Saturday, January 17, 2015

Rough Day - The Long Version

I haven't posted on this blog in quite a while.  However, since this was originally meant to be my horse blog and I've got something horse-related that's really bothering me...  Here I am.

Today was a rough day.

It didn't start out that way.  We got up early this morning and went to buy a load of hay for Bo.  For a few years now we've been buying from a guy who lives about an hour away.  It is great quality and the guy is very nice.  It was nice to spend the time with Jeff, we talked about a lot of stuff on the way there and back.

At the barn, we unloaded the hay and I stripped out Bo's stall, while Jeff called his grandma to chat with her for a little bit.

Then the trouble started.

I won't go into details, but let's just say the scene before me evolved into 5 people trying to catch a frightened young horse who'd broken away from one of them.  The situation was getting ugly and I stepped in.  Longer story short, I caught the youngster and then helped them get him back into the barn.  There was so much about the situation that bothered me, from how it started to how they all tried to handle it.  On top of all of that, the whole thing was easily preventable.

I think what bothered me most is that the person the horse got away from is the person who is supposed to be training the horse.  Two of the other people were the owners, who were dropping the horse off for training.  They are paying this "trainer", who couldn't even keep the horse under control and then couldn't catch him when he (of course) got away from her.

I said I wouldn't go into details, but I decided I'm going to.

I was bringing in a load of bedding for Bo's stall when suddenly I see a horse coming down the aisle toward me, backwards.  I couldn't see what was happening, but I got the heck out of the way.  Here comes the horse, with a lead rope around its neck (??) towing the "trainer" along down the aisle...  while she is yakking on her phone.

The gate behind me was open, I'd just come through with my wheelbarrow, and the horse dragged her right on through it out into the field beyond where the barn manure pile and shavings pile are.  He was heading forward now and she had NO control.  I said to myself, "not my circus, not my monkeys" and went to dump my wheelbarrow in Bo's stall.  I wasn't going to butt in on her "training".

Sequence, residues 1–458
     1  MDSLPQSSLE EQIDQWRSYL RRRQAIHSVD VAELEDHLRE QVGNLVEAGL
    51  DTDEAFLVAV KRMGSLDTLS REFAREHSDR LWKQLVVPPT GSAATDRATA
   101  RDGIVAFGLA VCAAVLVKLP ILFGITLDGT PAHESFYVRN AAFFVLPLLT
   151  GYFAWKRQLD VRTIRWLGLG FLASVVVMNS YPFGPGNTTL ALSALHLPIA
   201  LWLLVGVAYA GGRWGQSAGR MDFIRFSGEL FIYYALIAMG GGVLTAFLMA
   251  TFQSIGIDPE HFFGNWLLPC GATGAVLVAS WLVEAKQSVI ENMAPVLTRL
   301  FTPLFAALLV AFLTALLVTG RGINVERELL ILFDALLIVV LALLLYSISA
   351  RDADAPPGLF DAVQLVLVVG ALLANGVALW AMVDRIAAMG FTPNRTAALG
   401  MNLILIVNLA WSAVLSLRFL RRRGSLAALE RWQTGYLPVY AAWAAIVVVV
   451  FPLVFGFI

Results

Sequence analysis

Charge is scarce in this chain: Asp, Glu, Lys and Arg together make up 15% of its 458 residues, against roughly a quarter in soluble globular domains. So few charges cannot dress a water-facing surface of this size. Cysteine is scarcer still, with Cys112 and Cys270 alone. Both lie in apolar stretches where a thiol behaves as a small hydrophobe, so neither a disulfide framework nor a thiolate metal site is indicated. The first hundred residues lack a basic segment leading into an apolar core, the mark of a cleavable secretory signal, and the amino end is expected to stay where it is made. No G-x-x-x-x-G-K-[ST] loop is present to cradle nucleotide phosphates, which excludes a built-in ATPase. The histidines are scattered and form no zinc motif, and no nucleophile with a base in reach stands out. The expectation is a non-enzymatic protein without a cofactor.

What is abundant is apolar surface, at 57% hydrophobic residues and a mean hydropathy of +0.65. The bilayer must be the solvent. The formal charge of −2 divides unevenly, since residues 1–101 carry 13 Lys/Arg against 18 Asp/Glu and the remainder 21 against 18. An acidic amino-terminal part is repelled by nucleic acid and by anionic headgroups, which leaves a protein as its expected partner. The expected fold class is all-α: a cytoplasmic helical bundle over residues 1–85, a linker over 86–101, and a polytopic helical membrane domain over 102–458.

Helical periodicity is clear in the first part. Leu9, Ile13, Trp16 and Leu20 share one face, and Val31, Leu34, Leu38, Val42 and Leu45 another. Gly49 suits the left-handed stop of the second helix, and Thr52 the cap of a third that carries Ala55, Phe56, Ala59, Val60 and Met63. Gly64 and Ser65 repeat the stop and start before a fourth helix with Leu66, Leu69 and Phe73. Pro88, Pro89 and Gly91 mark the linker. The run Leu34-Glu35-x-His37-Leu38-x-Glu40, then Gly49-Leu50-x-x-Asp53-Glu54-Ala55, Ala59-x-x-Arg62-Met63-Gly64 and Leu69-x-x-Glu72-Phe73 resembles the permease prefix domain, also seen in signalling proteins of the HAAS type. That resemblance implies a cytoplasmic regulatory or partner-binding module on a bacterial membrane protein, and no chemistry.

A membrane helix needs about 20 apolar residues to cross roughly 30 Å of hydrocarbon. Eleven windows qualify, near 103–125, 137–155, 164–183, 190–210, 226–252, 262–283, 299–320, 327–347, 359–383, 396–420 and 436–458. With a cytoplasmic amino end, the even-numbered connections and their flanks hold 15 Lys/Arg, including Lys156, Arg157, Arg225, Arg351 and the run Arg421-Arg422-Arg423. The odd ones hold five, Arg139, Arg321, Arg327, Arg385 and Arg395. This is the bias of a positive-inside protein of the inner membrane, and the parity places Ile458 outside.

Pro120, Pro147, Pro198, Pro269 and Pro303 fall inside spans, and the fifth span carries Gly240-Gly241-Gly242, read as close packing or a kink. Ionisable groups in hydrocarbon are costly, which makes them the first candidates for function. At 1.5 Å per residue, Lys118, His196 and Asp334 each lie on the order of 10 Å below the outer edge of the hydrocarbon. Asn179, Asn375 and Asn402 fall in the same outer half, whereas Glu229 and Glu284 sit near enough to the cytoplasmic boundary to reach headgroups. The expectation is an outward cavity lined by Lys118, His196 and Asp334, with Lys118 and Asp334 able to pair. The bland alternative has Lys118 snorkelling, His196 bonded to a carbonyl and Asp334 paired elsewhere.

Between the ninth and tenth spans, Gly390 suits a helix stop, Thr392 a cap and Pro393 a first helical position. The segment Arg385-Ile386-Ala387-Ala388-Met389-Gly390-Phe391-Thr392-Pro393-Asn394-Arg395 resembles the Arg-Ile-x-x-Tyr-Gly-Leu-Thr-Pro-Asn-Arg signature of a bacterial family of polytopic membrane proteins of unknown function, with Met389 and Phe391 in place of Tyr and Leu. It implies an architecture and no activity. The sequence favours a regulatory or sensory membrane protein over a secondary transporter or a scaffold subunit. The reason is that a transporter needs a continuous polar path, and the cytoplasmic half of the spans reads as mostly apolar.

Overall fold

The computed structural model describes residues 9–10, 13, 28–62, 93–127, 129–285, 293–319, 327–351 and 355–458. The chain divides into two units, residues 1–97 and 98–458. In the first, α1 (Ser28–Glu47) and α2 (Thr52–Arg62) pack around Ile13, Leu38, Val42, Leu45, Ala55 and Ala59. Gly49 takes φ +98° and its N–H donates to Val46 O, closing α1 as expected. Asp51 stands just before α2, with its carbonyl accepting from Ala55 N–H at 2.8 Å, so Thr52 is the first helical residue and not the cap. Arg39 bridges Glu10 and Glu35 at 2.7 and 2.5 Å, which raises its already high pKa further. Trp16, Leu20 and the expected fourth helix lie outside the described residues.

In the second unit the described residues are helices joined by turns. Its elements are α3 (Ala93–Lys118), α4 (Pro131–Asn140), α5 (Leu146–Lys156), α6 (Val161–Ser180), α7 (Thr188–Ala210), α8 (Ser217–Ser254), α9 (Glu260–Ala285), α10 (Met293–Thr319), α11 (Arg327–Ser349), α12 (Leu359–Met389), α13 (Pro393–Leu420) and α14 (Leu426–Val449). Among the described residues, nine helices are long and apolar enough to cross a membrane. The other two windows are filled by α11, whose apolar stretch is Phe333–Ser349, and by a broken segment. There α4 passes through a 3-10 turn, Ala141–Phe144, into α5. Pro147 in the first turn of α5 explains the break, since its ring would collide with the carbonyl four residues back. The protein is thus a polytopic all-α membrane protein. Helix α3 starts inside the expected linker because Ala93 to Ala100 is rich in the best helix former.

Then I realize the horse had gotten away from her and is now being chased by 3 dogs and 4 people...  the people screaming at the dogs, but of course the poor horse didn't know that.

I decided to go help.

Turns out she had put a halter on the horse..  an adult-sized halter on what appears to be a yearling colt - who is not even halter broke.  The halter had slipped off his face and down around his neck.  Everyone was repeatedly grabbing at the rope as he ran by them, and promptly getting it ripped out of their hands.  I even tried it once, picking it up as he walked by, but he panicked and took off.

Finally, Jeff was able to get the dogs under control and the rest of the people managed to get the colt cornered by the open gate leading out of the field, but on the wrong side of it.  I quietly picked up the trailing lead rope and snubbed it on the gate.  The colt tried to leave again, found out he couldn't, threw a bit of a fit, and then finally stood quietly.  The "trainer" went and got a different halter, still too big, but she put it on and I fed the lead rope through the noseband, still hooked to the halter around his neck in case oversized halter #2 came off. 

I kept the end of the lead snubbed to the gate, but started working on getting him to give to pressure.  He gave a couple of steps and then I was able to lead him to the barn.  He was afraid to step back into the barn and here's where the fun continued.  Picture this colt with 5 people crowed around him trying to bribe, baby talk, push, pull, drag him into the barn.  I was standing back, holding the end of the rope in case he took off again.  Hell, *I* was overwhelmed by whatever the hell was going on in that crowd.  In those moments I witnessed about every single way people try to get a horse to go somewhere they don't want to go and those ways DON'T. WORK.  Jeff, for his credit, had corralled the dogs in their run and walked by me with a look on his face that said it all.  He knew what was going on was a complete cluster and probably knew that I was getting pretty frustrated with the whole thing.